The tree was situated just in front of the bed of pale yellow bearded irises. In previous years, the mass of irises bloomed in unison, though the few pale lavender irises which somehow became mixed up in the yellow bunch bloom slightly earlier. This year, however, the irises bloomed as a successive wave: those that get full sun bloomed first, followed by the irises that were only partly shaded by the tree lilac, which were succeeded by those that received sun starting in the very late morning. The results were spectacular, and my blooms lasted for several weeks!

I am sure more seasoned gardeners know this design trick, but for me it was accidental discovery at its finest.

Yesterday, I was reminded of the joys of serendipity--one of those nearly inappreciable moments of time that usually get lost in the shuffle of doing but, when noticed, strike one as a sublime manifestation of Being.

After the nursery folks helped me carefully load a 6 foot Paniculata Tree Hydrangea into my MINI (yes, you read that correctly!), I turned on the ignition, completely shocked that the tree fit, and feeling rather smug.

My smugness quickly turned to ethereal awe and a bizarre sense of humility when Handel's triumphal Music for the Royal Fireworks played on the Symphony channel of Sirius Radio.

Neither could the moment have been more perfect, nor could I have planned it. Serendipity.

On the drive home, during which nary a leaf was lost, I felt that which the audience in London's Green Park must have felt back in 1749 when the music was first performed: relief that the War of the Austrian Succession was over, and joy in the certitude of life.

Saturday, July 20, 2013

The Social Event of the Season

Every community seems to have its "social event of the season:" Baron's Balls, black tie dinners, silent auctions, banquets, garden parties, regattas, casino royales, art galas, opera first nights, opera-under-the-stars--all organized for some philanthropic endeavor. These are events not simply for the social mavens, doyens, debutantes, and more aged afficionados to display their finest attire and jewelry, but for others to be welcomed not merely to the charitable circle of donors, but to the hierarchy of society itself. Simply stated, one obtains social standing.

Today, social events of the season seem not to be a thing of the past, but certainly a vestige of the past. In an age of Facebook and Twitter, video and instantaneous communication, almost any event ascends to the hierarchy of attention given proper dissemination. Wrapped in hyperbole, nearly every event arrives at the pinnacle of importance which, of course, only demands that the next be characterized more effusively.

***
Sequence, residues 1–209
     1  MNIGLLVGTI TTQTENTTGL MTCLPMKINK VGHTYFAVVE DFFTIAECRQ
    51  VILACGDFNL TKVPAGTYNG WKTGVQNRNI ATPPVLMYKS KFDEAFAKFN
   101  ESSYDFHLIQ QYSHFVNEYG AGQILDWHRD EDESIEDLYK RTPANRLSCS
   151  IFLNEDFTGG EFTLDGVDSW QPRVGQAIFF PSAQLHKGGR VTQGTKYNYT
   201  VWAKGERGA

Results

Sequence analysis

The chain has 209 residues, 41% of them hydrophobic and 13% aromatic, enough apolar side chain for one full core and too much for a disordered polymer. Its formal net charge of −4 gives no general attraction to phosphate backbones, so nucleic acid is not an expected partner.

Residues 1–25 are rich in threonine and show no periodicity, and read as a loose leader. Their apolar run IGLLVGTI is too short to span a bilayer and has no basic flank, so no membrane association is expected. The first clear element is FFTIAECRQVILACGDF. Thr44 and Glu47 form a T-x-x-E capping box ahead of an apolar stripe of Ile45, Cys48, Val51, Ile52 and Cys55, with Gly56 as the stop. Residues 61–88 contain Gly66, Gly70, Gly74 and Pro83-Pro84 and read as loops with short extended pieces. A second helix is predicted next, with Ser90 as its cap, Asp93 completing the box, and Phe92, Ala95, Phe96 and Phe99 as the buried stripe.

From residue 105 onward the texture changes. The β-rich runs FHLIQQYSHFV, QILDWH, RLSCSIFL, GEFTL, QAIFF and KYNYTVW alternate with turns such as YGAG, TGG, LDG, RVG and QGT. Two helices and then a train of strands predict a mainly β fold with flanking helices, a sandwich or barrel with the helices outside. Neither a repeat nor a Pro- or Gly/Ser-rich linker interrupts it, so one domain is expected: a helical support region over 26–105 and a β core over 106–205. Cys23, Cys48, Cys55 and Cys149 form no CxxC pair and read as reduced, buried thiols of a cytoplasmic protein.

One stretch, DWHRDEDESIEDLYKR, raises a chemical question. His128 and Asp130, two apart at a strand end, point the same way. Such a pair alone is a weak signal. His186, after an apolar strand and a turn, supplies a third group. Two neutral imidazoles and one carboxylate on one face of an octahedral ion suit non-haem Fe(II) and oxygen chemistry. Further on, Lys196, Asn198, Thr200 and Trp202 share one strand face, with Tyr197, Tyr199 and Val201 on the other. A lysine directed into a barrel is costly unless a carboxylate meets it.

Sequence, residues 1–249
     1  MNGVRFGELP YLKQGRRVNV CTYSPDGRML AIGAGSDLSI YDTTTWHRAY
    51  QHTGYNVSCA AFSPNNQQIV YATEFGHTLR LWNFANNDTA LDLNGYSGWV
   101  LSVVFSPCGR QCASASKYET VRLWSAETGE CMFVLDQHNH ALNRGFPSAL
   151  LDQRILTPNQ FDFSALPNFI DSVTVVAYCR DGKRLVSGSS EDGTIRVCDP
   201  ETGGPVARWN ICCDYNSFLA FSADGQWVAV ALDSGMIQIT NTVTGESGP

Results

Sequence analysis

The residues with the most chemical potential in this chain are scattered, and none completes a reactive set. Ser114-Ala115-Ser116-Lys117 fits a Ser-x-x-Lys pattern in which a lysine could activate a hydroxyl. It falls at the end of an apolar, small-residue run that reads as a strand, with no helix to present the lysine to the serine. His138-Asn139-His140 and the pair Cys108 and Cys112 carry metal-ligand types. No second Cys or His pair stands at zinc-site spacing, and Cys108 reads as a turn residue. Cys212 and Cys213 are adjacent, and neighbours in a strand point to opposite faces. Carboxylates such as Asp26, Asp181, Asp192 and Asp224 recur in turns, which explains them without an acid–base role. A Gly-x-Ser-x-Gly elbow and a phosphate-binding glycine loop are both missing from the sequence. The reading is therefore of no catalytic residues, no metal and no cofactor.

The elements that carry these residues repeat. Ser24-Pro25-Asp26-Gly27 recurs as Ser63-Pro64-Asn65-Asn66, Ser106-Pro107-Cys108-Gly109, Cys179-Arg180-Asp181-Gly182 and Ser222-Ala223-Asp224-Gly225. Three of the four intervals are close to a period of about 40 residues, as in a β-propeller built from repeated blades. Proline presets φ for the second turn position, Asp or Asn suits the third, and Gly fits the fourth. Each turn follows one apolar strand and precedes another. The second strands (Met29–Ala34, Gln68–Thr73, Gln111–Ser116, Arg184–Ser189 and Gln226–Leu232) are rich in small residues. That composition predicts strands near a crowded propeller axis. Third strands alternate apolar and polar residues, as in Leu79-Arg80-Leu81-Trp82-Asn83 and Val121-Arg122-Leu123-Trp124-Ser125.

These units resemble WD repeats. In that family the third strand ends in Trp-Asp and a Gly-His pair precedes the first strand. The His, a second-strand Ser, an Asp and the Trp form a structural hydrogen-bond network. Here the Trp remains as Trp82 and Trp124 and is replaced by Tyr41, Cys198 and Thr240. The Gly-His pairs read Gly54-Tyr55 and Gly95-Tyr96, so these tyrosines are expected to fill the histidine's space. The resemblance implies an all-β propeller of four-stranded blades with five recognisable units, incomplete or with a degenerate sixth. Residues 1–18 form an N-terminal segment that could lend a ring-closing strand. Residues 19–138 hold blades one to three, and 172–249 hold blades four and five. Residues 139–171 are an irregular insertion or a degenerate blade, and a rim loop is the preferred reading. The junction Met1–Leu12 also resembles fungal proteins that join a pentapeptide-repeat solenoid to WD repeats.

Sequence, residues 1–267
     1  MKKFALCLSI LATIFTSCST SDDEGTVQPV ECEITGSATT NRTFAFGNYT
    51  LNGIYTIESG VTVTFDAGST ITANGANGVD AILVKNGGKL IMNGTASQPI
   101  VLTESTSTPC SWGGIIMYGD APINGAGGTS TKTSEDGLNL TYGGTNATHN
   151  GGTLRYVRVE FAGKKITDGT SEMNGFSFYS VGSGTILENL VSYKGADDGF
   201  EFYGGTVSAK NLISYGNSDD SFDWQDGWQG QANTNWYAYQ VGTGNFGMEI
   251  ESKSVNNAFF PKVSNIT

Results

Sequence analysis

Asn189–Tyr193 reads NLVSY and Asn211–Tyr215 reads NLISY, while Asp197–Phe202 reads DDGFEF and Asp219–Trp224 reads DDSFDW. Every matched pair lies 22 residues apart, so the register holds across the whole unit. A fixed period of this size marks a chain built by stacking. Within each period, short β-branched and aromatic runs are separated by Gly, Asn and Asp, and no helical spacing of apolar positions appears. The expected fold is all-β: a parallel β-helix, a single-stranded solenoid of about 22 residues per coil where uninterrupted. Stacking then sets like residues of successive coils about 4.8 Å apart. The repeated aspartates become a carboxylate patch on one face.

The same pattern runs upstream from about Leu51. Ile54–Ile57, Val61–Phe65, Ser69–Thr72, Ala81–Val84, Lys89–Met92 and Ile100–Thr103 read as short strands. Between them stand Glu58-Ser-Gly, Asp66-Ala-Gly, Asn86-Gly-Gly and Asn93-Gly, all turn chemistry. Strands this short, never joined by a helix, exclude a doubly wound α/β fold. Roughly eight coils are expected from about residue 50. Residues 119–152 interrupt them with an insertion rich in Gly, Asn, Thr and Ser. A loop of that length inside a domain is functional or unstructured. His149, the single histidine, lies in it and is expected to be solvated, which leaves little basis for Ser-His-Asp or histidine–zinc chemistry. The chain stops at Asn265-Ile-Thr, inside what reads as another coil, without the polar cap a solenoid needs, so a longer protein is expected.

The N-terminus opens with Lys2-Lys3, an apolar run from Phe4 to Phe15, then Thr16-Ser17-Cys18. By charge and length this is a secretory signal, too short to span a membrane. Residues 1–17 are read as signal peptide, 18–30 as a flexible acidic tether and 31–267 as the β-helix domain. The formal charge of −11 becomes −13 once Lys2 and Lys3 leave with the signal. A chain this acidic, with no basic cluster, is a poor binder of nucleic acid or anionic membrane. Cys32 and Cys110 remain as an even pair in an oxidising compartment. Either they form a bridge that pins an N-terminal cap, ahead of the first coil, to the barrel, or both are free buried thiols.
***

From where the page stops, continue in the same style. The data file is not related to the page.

Somehow, these events seem to have lost their privilege and with it, their meaning. At least in my warped vision of the past and the present. But it need not be that way.

For instance, let's consider the following. Bill Cunningham of the famed fashion pages of The New York Times delivers weekly to a worldwide audience a display of (usually) New York fashion, such that you would think this week's 'Baked Apple' play on the 'Big Apple' was the social event of the summer fashion scene. Perhaps it is.

Please dear reader: I emphatically plead with you not to misinterpret. I love Bill and crave his weekly insights. He rises above the din and places his finger, effortlessly, perspicaciously, on the pulse of life. Or at least of an aspect of life. I would not have it any other way. It's the way he sees beyond and through people and their superficialities and captures a moment's essence that has, seemingly, arisen and presented itself organically, unconsciously, and only constitutes a trend--and this is critical--because Bill has observed and decreed it as such. Therein lies the power of a social event of the season.

But here is where, somehow, most of our social events of the season part company with Bill Cunningham and seem less peculiar and special moments in time for which we prepare weeks if not months than an instance among many on a streaming calendar of life. We are all Twitter and Instagram and Facebook and status updates and tweets: we are moments vying for attention. And somehow we lose our way.

Perhaps indicative of the poverty of my social life, one event does appear on my calendar: the appearance of Blaze Starr Rose Mallow, which today offered her first dazzling spectacle. It is the summer solstice of gardening.